Not Holding Gold Yet? Hurry Up!

Even more than an inflation hedge, gold is a crisis hedge

   

If you haven’t held any gold in your portfolio — and have been beating your head against the wall as the precious metal has risen 133% since early 2008 and tripled since early 2006 — it may not be too late to jump in. Even as gold in recent days has quietly risen closer to the $1,800-an-ounce mark again, there are several overarching and compelling reasons to allocate some of your investment dollars to the yellow metal.

Inflation had been almost nonexistent since late 2008, and the U.S. even experienced deflation in 2009. In the 28 months between November 2008 and January 2011, inflation popped over 2% only six times. Since January, however, inflation has jumped from 1.63% annually to 3.87%.

Inflation results from creating too much money, and ever since the present Administration got into power, more money has been printed than any other time in U.S. history. It takes some time to see the results, and now they’re showing up. Producer and food prices have also been rising. You may not have noticed it, however, because food companies don’t always raise their prices — they just shrink their container sizes.

Gold is an actual physical asset, just like real estate. It has intrinsic value. Some say it’s an inflation hedge, but over the long haul, that isn’t always true. I view it as a crisis hedge — and I see us in a major crisis regarding the devaluation of the dollar and significant inflation. The more the dollar weakens, the more of those dollars it takes to buy things. There’s also no end in sight to outrageous levels of government spending that’s been going on for years. Again, this is being done with money printed out of thin air, making those dollars worth less and less.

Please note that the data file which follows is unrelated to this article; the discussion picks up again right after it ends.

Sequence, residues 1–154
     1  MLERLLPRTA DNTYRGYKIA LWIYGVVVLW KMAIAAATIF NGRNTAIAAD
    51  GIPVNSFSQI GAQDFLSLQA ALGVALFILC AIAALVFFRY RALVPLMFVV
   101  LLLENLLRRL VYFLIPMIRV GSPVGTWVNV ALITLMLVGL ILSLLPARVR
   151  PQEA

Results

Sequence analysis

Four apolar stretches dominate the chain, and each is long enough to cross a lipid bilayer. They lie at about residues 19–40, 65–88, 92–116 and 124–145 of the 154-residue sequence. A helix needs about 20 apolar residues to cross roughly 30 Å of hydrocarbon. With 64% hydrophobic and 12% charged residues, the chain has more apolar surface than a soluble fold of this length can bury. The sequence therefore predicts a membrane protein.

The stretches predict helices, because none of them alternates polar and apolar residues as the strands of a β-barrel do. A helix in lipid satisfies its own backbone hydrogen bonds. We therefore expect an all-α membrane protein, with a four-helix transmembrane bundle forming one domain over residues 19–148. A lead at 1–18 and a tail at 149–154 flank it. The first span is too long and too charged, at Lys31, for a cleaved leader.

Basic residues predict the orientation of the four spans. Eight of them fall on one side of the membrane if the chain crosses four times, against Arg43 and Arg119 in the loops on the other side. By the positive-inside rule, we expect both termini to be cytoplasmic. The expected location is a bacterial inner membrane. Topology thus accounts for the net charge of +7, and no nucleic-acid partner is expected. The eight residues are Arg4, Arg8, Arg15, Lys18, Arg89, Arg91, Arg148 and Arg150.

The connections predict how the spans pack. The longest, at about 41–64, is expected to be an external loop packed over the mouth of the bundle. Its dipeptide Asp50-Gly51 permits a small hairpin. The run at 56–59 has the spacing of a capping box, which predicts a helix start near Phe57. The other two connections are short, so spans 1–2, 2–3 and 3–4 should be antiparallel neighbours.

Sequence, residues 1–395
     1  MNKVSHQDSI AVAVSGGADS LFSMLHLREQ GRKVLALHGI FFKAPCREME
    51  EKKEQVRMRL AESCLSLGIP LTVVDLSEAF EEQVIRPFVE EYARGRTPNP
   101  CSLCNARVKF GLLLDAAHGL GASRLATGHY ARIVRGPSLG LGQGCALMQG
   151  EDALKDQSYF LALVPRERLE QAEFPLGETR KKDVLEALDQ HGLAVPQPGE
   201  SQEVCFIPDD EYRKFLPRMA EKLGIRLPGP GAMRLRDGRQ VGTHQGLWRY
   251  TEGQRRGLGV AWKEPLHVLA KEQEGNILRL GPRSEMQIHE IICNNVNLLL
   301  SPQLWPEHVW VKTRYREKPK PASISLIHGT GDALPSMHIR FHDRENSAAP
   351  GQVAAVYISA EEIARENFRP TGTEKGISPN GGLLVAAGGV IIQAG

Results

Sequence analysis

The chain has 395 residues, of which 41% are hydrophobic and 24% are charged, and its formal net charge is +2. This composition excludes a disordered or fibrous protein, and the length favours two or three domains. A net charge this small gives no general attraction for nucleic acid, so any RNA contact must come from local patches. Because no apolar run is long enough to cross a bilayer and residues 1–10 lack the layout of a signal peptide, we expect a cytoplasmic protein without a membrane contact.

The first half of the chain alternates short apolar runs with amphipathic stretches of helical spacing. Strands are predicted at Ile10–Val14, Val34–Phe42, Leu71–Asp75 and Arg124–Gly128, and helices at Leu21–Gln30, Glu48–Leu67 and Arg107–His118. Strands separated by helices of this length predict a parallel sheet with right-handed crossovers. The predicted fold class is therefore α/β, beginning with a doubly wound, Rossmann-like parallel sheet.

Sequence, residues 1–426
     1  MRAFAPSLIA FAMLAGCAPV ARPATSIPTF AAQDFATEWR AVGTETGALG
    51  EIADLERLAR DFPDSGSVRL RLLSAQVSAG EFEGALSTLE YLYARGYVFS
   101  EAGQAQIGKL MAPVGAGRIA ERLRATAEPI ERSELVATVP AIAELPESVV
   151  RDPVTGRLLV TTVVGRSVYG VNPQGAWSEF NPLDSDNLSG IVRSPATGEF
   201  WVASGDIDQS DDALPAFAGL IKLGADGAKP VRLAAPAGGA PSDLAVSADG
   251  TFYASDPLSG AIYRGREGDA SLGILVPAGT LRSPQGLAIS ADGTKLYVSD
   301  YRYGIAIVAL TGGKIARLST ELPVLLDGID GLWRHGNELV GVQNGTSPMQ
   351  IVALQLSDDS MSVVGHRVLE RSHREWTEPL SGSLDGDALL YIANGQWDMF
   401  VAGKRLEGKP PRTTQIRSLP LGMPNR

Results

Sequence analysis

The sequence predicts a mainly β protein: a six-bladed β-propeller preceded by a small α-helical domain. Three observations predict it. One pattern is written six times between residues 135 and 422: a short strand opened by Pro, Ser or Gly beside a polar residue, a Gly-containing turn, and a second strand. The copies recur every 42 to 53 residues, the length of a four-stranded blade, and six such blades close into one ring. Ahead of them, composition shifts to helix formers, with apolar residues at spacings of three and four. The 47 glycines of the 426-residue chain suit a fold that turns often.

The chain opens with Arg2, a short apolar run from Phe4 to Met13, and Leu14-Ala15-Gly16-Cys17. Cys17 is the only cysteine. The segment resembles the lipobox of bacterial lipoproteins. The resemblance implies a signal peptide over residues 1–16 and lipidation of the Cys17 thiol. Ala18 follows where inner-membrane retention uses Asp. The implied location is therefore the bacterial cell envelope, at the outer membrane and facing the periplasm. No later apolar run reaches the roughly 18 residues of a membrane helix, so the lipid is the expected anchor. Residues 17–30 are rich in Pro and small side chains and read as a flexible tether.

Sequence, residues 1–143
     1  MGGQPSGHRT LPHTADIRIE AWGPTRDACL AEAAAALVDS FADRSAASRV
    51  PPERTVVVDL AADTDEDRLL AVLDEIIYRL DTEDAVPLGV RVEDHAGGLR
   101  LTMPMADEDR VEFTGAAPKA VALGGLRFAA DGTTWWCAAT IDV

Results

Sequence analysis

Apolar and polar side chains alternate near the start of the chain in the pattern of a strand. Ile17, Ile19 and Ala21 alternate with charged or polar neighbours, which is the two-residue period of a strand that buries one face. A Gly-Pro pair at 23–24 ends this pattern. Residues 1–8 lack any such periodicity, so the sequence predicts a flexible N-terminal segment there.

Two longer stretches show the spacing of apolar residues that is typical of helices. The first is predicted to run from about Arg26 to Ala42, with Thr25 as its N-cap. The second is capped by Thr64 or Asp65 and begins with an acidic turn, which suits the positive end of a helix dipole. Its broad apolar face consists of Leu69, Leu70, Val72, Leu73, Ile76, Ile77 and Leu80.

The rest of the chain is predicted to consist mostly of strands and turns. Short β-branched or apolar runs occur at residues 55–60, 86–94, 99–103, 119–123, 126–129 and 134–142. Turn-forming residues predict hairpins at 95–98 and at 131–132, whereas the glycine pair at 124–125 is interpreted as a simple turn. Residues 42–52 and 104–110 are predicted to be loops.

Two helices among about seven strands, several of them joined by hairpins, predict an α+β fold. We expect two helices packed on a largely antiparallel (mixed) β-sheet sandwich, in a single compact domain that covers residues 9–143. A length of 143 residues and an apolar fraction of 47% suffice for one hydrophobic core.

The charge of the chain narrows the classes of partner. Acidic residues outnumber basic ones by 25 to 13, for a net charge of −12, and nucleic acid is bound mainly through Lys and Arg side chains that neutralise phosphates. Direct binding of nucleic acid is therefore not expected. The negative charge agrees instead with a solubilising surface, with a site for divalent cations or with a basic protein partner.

Devaluing the dollar creates another effect: Central banks around the world are less eager to hold dollars. Since the dollar had always been the world’s premier currency, the only asset beyond that is physical gold. That creates demand, and the more demand, the higher the price of gold.

There are a few other reasons to own gold. It’s the most liquid of the precious metals, so it’s easy to buy and sell. It’s safe from political instability, at home or abroad. And all of these things are going to be factors for a very long time.

So, what are the best ways to own gold? You can buy it via various stock investments. Numerous ETFs are available, of which the most popular is SPDR Gold Shares (NYSE:GLD), which actually holds baskets of physical gold. Beware, however, that gold is considered a collectible and is taxed differently than a stock investment, and that difference does apply to this ETF.

Another increasingly popular way is to own the metal yourself. Yes, you can do that, and it isn’t as difficult as it used to be. You’ve probably heard all the radio commercials about buying gold bullion or coins. That actually works. In fact, DGSE Companies (NASDAQ:DGSE) recently completed the acquisition of Southern Bullion Trading Co. — a subsidiary of gold refiner and market-maker extraordinare NTR Metals. DGSE has a few Bullion Express stores open around the country, with dozens more set to open in the very near future. They’re aiming to become the brand name in physical gold trading. Find a store, and buy your gold.

As with all investments, you don’t want to go hog wild and buy gold to the exclusion of other investments. However, gold certainly has a place in a diversified portfolio.

Lawrence Meyers owns shares of SPDR Gold Shares.


Article printed from InvestorPlace Media, http://investorplace.com/2011/11/gold-prices-gld-buy/.

©2014 InvestorPlace Media, LLC

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